Students at the Northern Marianas College have been spared tuition increases for spring semester 2015. The hike would have raised tuition by 35 percent.
In a special Board of Regents meeting on Friday, the board chose not to follow through with the proposed increases for the spring semester. The tuition hike had been proposed along with a 57-percent increase in fees.
In an interview, board chair Frank Rabauliman said the decision was to make sure the college “exhausts all other opportunities” first.
He said the decision to raise tuition was “not an easy task” and would have to be justified.
“We need to be very cautious with our review. Students are our first and foremost concern,” he said.
A tuition increase would be on the shoulders of the students, he added.
According to him, the last tuition increase occurred back in 2005. The proposed increase this year was at the request of college administration, he said.
One reason given was that the college compared its average salaries for personnel with peer institutions and saw that their salaries were “way off,” he said.
With the decision, Rabauliman said the college now has more time to review other funding options such as grants from the Office of Insular Affairs for technical assistance or personnel.
It was reported to the board that none of the college’s major programs in nursing, education, and business avail of federal funds. The board has tasked the college to look into federal funding sources for these programs, according to Leo Pangelinan, dean of Student Service.
Riya Nathrani, president of the Associated Students of NMC, said she supported the board’s decision for further review. Nathrani has protested the hikes on behalf of the student body.
“This will give students more time to take it in. They can use next semester to plan ahead for their financial needs. Students will be much more prepared. I think the board made a good decision,” she said.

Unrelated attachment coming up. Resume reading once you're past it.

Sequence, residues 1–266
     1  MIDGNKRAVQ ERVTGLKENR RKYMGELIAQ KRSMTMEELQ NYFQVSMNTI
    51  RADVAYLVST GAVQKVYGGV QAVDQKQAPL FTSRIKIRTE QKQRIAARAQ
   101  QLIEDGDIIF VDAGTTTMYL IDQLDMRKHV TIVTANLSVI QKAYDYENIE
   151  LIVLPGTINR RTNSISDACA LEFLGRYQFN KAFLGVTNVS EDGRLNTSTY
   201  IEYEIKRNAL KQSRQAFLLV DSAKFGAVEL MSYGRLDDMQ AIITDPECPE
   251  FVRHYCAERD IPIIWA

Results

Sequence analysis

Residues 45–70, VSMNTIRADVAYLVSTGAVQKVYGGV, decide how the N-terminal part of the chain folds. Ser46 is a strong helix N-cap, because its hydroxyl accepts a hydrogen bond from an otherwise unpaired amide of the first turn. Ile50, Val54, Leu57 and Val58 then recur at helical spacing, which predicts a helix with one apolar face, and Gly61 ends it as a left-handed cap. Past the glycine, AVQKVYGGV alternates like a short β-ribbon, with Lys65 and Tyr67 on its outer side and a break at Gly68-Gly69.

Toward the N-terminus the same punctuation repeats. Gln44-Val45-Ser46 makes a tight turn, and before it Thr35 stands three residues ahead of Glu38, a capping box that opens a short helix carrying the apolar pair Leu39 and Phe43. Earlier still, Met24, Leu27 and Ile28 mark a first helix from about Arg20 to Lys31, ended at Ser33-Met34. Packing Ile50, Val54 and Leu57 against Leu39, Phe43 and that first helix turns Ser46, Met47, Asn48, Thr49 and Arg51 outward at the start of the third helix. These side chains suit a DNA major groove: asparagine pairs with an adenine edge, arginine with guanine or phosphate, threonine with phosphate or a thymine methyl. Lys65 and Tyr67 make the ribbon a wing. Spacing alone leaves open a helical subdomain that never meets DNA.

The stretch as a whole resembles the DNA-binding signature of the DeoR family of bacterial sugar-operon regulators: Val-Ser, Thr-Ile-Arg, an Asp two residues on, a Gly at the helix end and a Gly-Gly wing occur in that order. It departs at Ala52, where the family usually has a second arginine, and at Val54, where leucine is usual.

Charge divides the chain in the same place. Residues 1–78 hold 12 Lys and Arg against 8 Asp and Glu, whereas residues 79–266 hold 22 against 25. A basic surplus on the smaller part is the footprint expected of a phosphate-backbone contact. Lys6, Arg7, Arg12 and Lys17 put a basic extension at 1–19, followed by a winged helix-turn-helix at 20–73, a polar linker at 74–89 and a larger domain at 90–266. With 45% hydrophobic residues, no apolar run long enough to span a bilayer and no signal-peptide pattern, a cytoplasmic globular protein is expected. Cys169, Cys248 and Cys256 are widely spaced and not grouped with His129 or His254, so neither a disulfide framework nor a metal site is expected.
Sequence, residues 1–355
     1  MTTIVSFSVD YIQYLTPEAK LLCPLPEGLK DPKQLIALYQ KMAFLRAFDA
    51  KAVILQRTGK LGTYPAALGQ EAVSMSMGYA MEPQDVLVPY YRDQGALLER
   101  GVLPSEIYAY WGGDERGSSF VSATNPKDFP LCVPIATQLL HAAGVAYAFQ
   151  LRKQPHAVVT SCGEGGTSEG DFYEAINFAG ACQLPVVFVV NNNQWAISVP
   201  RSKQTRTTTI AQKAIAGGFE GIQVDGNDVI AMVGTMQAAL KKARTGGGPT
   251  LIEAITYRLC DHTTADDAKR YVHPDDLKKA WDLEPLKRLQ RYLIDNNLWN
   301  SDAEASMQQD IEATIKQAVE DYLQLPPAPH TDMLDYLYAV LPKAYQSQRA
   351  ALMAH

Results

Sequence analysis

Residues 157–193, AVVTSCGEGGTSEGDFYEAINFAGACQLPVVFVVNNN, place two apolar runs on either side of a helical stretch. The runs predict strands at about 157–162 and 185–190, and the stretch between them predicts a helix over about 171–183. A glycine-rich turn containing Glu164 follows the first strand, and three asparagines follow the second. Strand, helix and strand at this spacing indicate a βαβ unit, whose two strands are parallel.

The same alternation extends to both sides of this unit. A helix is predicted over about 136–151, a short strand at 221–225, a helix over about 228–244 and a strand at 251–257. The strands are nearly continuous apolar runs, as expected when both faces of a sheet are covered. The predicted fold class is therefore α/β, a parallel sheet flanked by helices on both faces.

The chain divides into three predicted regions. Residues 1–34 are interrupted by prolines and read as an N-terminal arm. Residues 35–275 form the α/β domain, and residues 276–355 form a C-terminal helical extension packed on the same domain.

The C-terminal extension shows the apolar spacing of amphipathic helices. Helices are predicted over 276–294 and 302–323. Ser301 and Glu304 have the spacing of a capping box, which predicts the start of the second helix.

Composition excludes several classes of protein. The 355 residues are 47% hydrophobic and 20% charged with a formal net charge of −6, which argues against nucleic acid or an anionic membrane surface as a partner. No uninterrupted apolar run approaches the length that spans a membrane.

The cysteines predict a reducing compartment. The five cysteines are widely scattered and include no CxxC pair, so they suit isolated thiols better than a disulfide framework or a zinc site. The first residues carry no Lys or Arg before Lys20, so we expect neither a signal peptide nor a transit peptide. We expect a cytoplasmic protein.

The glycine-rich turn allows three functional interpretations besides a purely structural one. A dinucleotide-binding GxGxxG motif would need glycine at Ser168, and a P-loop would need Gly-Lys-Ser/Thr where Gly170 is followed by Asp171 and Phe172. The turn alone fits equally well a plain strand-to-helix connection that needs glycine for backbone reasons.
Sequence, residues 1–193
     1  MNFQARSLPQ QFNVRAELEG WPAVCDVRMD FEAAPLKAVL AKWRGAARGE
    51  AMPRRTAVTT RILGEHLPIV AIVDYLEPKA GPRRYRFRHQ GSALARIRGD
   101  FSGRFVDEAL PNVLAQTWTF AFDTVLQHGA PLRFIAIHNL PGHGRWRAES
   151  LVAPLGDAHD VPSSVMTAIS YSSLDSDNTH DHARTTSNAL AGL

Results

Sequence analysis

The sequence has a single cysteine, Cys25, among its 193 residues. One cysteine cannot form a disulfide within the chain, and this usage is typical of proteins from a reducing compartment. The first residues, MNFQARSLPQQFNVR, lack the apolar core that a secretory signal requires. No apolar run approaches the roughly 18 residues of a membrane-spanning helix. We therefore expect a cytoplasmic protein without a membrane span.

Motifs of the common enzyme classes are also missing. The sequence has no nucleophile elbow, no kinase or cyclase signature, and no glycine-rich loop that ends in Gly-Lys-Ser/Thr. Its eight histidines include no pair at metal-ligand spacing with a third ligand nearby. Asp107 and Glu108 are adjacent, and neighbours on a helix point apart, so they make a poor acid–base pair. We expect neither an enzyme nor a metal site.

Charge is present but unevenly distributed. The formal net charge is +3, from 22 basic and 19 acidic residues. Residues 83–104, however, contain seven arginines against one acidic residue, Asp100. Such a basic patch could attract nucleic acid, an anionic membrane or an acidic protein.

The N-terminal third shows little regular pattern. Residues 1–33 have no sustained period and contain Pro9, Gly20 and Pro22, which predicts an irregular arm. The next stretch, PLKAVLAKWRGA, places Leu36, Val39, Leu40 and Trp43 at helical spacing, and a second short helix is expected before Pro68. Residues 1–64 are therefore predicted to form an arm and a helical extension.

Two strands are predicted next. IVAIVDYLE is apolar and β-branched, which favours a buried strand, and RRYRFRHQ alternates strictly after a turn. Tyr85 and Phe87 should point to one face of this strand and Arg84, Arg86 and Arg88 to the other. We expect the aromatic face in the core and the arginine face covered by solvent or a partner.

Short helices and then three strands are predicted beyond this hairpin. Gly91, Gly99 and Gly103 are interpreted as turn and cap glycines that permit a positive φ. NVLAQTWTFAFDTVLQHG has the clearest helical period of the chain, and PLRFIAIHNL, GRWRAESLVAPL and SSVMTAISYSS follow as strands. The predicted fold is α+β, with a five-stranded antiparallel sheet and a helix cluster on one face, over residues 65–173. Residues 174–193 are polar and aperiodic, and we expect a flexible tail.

William Torres, chairman of the fiscal committee, said until the college can realize internal cost-savings and tap into external funds, the raising of tuition rates is “premature.”
Essentially the college has to recalibrate the way it spends it funds, he said, and report a “picture of its financial needs” to the board for its program and activities before tuition can be raised.
Until now, he said, the college does not have on record “net instructional costs” for its programs and activities.
“It is premature to increase tuition at the level it’s being requested,” he said.
How the college pays for its instructional overloads need to be looked at, he said. Right now payments are based on employee rates rather than through independent contract.
The latter, he said, would save 30 percent off the regular overload costs.
The college must also look at its utilities cost, he said, with over a half a million spent on utilities.
Savings will come from more efficient upgrades to their facilities. He reported that a $300,000 bid for energy-efficient air-conditioning would soon be awarded.
Torres expects the board to look at the tuition issue again in the summer.
“Until the college provides all sufficient information, the board has very little foundation to make this decision,” he said.
Most of the proposed use of funds from an increased tuition is for non-instructional services. He said the board is “quite concerned” with this fact.
He said in the future the college might need to engage an independent outside firm for an “operational efficiency and effectiveness management audit.”
Something like this, he said, would help align the structure and services of the college.
Academic programs and activities might also have to be “rebalanced” to better serve the mission of the college, he added.